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A tale of swordplay, magic, and treachery, Norgal the Head Lopper travels the countryside with the severed head of Agatha the Blue Witch to vanquish the Sorcerer of the Black Bog and rid the land of the Plague of Beasts.
Head Lopper is an action-packed, dynamic, and bloody adventure story of a mighty serpent-slaying swordsman who lugs around the head of a wise-cracking witch, leaving a trail of dead behind him. He battles bat creatures, mega-arachnids, the ghosts of warriors, and the undead giants that devour the ghosts of warriors. Many heads are lopped.
A handy sketchbook details the concepts behind the characters, and a pinup gallery at the back of the novel highlight some covers drawn by noted artists Mike Mignola, Dave Stewart, and Mike and Laura Allred.
Featuring muted colors befitting a dark, cursed land of monsters spread over lively, energetic panels, poetic, Tolkein-esque dialogue, and an epic, Homeric plot, Head Lopper is a funny, exciting read. Hardly a page goes by without swordplay, spellcast, or intrigue. Heroes, villains, and royalty are all run-through with various weaponry, limbs of humans and beasts are amputated, and heads of all styles are decapitated, so those looking for subtlety should probably look elsewhere. Those looking for a ripping adventure are in the right locale.
THE DISNEY BOOK IS A BEAUTIFUL, VISUAL EXPLORATION OF ALL THINGS DISNEY
The Disney Book by Jim Fanning DK 2015, 200 pages, 9.2 x 0.9 x 11.1 inches, Hardcover
The Disney Book bills itself as “A Celebration of the World of Disney,” and boy oh boy is there a lot to celebrate. Essentially an all things Disney history book, in here you can find a complete timeline of Disney’s creations, starting from Walt’s first work at a newspaper all the way up to now. The book has three major sections: “Drawn Disney,” including information and images about the animated classics; “Disney in Action,” a history of live action movies; and “Experience Disney,” concerning the theme parks and Disney’s appeal around the globe. If Disney made it, it’s in this book.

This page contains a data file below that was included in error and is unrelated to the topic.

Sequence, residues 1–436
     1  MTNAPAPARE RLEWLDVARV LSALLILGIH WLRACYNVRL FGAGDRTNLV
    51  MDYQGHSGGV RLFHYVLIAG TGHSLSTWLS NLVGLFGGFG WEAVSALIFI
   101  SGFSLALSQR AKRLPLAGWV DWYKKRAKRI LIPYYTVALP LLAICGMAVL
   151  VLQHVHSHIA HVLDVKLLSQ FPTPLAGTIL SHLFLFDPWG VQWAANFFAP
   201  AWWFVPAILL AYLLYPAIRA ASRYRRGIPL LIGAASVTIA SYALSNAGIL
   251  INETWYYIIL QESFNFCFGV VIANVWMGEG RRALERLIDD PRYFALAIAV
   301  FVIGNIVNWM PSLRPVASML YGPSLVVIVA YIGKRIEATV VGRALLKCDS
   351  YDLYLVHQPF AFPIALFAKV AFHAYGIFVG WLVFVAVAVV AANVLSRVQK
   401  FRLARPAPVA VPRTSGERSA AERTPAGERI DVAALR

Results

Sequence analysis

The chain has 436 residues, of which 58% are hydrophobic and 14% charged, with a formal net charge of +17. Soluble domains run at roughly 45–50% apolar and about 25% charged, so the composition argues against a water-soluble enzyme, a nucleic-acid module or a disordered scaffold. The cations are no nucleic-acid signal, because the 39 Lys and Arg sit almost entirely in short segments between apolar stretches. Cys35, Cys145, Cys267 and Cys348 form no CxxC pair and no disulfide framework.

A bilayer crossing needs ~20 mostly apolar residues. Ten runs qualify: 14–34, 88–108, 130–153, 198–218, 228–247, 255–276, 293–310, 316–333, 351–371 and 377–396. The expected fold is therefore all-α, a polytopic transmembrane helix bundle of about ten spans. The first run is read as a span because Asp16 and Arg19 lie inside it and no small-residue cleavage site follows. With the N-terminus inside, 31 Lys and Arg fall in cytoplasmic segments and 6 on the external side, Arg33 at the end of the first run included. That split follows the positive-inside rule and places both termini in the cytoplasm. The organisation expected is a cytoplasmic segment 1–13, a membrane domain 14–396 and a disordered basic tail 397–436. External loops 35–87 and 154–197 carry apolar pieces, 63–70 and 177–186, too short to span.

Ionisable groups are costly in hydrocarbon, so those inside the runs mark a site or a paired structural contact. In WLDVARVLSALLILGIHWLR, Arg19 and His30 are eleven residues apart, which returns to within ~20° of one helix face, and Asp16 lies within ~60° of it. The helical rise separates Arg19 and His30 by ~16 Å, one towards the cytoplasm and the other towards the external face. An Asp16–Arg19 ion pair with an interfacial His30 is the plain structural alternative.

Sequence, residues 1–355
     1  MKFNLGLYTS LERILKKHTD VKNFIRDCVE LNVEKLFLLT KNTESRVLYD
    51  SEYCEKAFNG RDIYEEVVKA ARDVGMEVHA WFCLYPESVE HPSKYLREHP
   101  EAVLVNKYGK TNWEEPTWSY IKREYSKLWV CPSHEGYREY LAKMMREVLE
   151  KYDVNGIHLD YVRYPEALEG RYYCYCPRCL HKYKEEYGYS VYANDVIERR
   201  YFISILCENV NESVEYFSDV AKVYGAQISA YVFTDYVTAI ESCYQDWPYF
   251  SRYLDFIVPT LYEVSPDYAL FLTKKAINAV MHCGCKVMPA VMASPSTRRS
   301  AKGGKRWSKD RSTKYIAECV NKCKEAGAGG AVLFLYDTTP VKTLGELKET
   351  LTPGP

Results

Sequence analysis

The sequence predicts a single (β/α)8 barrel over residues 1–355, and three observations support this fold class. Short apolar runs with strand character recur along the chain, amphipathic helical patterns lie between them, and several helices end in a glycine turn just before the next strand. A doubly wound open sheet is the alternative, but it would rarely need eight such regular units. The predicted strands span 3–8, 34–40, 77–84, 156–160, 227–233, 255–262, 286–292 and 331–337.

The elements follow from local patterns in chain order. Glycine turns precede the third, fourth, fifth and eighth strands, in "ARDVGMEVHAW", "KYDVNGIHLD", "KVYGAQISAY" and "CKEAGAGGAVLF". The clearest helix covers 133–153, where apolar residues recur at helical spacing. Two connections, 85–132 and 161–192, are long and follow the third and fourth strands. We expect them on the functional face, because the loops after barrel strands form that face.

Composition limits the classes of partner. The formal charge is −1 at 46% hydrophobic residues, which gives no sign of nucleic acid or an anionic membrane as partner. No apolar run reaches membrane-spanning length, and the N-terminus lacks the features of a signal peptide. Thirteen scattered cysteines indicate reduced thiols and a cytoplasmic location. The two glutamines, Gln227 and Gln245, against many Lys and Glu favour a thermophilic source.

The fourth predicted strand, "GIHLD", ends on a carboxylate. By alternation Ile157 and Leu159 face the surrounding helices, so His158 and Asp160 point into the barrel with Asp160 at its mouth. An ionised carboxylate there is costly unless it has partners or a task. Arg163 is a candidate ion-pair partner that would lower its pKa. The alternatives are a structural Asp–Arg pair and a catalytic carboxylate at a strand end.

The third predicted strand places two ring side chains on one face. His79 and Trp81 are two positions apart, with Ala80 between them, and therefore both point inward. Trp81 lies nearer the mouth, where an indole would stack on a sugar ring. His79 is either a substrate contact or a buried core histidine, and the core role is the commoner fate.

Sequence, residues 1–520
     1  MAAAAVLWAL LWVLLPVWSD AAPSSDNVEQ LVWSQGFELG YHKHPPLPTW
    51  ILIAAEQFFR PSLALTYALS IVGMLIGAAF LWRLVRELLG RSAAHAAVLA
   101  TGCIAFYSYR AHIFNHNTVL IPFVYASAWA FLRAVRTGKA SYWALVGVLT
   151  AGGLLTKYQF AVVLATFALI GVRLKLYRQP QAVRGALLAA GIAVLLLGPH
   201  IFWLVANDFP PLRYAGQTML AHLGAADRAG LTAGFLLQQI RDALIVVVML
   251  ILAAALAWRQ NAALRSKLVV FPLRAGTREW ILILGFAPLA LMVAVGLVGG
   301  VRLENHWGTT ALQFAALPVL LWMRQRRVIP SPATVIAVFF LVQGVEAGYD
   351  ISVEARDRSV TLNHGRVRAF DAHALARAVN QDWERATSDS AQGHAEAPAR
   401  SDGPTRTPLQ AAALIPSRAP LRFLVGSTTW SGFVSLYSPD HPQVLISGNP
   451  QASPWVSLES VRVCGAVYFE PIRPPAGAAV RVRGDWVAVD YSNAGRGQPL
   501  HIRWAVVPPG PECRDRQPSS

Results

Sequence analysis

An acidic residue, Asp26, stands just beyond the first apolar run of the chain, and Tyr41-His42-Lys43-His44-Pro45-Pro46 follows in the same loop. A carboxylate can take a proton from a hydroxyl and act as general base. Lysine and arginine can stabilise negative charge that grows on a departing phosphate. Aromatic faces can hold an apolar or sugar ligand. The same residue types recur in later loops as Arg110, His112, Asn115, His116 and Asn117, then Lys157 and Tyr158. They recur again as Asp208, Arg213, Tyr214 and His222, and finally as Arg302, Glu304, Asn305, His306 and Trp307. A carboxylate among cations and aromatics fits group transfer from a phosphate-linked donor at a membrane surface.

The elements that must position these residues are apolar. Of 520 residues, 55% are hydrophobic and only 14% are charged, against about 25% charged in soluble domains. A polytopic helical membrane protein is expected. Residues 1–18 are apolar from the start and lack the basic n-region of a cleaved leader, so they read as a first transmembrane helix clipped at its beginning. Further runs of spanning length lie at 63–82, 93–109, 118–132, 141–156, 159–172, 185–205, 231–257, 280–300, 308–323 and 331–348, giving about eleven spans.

Content within these sections is broken up into smaller topics that cover a specific film or time period each. It follows a chronological order, so over time you can see how the Disney brand shaped itself into what it is today. Every page has multiple images of some kind to decorate or add additional information. Pictures are a mix of movie stills, behind the scenes photos, and pre-production artwork. This third category is the most fascinating for me, giving the opportunity to see what an early version of Snow White looked like, or Tinker Bell, or even classic Pixar characters like Buzz Lightyear and Woody. A Finding Nemo storyboard is a particular standout, showing how detailed they can be, even in the early stages of production.
While there are some great factoids that are sure to surprise even the most diehard Disney fans (for example, did you know there was a Stitch anime in Japan? Because I didn’t!) if you’re getting this book for information I would mainly use as a springboard towards other research. It’s a delightful book to explore a bit of Disney history, but it’s encyclopedic in its approach to information, in that it has so much to cover that you aren’t going to get the full story with every topic. The trade off is that the content here is varied enough to please fans of all ages and obsession levels. The production art and behind the scenes photos from so many films, across such a large period of time, is enough to warrant a purchase on its own. If you love Disney, you will love this book.